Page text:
Stocks edged lower last week, with the S&P 500 falling by 0.35 percent to 2,390.90. That was the first weekly decline for the benchmark index in a month but the small loss still left the S&P 500 up a healthy 6.79 percent year-to-date, and just 0.36 percent below the all-time closing high. The relatively modest pullback also highlighted the continued resiliency of U.S. equities amid the uncertainty surrounding the recent financial developments in China and President Donald Trump’s sudden firing of FBI director James Comey. One factor that has likely helped keep major stock indices near record levels is the corporate earnings season for the first quarter of 2017. Indeed, as of last Friday, 91 percent of the companies listed in the S&P 500 have reported their profit results for Q1. Seventy-five percent of these firms have beat their average earnings per share (EPS) estimate, according to FactSet, and 64 percent have beat their mean sales estimate.
Moreover, the blended earnings growth rate for the S&P 500 now sits at 13.6 percent. If that holds for the rest of earnings season it will be the highest (year-over-year) earnings growth for the index recorded since Q3 2011, and the first time the index has seen double-digit earnings growth since Q4 2011. Looking ahead, 61 S&P 500 companies have issued negative EPS guidance for the second quarter of 2017, while only 29 firms have issued positive EPS guidance. At first glance that might seem disappointing but the percentage of companies issuing negative EPS guidance is actually below the 5-year average currently, and most analysts expect earnings growth to continue for the remainder of 2017. More importantly, retirement investors should focus less on the near-term fluctuations in stock valuations and more on the long-term goal of amassing significant wealth. Such efforts can be enhanced with the consistent use of tax-advantaged savings vehicles, dollar-cost averaging, and regularly consulting with a professional financial advisor. As always, we are here to help with any questions you may have.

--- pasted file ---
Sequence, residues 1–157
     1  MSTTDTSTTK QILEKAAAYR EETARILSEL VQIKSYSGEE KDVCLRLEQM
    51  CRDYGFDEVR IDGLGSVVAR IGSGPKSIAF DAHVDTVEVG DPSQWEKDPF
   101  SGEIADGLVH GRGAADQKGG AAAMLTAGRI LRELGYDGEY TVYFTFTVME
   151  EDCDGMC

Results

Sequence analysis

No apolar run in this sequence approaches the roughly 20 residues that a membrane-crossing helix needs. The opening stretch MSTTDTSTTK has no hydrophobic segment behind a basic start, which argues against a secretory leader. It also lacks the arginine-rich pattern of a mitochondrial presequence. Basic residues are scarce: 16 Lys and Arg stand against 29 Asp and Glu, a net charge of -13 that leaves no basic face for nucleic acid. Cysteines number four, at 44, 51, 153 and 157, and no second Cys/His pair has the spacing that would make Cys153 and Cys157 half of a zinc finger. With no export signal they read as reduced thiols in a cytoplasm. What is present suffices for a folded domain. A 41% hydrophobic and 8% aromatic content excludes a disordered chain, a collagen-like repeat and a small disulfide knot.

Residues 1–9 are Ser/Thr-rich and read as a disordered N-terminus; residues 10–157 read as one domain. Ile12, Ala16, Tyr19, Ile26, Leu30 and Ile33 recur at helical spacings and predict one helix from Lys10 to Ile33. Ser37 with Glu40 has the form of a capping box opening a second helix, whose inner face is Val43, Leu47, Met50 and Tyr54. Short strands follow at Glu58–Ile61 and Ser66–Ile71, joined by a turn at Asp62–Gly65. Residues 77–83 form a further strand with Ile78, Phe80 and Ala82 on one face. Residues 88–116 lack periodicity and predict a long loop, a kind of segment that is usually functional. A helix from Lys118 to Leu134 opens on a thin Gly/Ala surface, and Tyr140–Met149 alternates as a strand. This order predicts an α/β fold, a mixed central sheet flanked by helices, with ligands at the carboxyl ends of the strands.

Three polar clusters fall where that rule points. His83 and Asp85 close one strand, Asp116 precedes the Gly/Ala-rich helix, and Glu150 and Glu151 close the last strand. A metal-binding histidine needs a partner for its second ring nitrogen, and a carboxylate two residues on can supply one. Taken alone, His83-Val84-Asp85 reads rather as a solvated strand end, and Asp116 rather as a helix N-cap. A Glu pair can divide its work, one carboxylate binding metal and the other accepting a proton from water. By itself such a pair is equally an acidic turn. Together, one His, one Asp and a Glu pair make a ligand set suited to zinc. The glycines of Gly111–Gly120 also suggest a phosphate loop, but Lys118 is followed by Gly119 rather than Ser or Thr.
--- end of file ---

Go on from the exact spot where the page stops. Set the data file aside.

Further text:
To recap a few of the things we learned about the economy last week, the positives included that mortgage and refinance applications rose, retail sales growth rebounded, consumer sentiment improved, total job openings in America lifted to an 8-month high, the number of unemployed Americans per job opening fell, and initial jobless claims slid to one of the lowest levels on record. As for the negatives, U.S. wholesalers’ average inventory-to-sales ratio remained elevated, small business owner optimism cooled, and several measures of consumer, producer, and trade-related inflation pressures in this country firmed. This week the pace of economic data slows down considerably but there are still a few important reports on manufacturing, housing, and employment scheduled to be released.
**A more detailed snapshot of the U.S. economy can be found here.**
What To Watch:
- Jobless Claims 8:30 AM ET
- Philadelphia Fed Business Outlook Survey 8:30 AM ET
- Bloomberg Consumer Comfort Index 9:45 AM ET
- Leading Indicators 10:00 AM ET
- EIA Natural Gas Report 10:30 AM ET
- 10-Yr TIPS Auction 1:00 PM ET
- Loretta Mester Speaks 1:15 PM ET
Sources: Econoday, Bloomberg, Twitter, FactSet, FRBSL
Post author: Charles Couch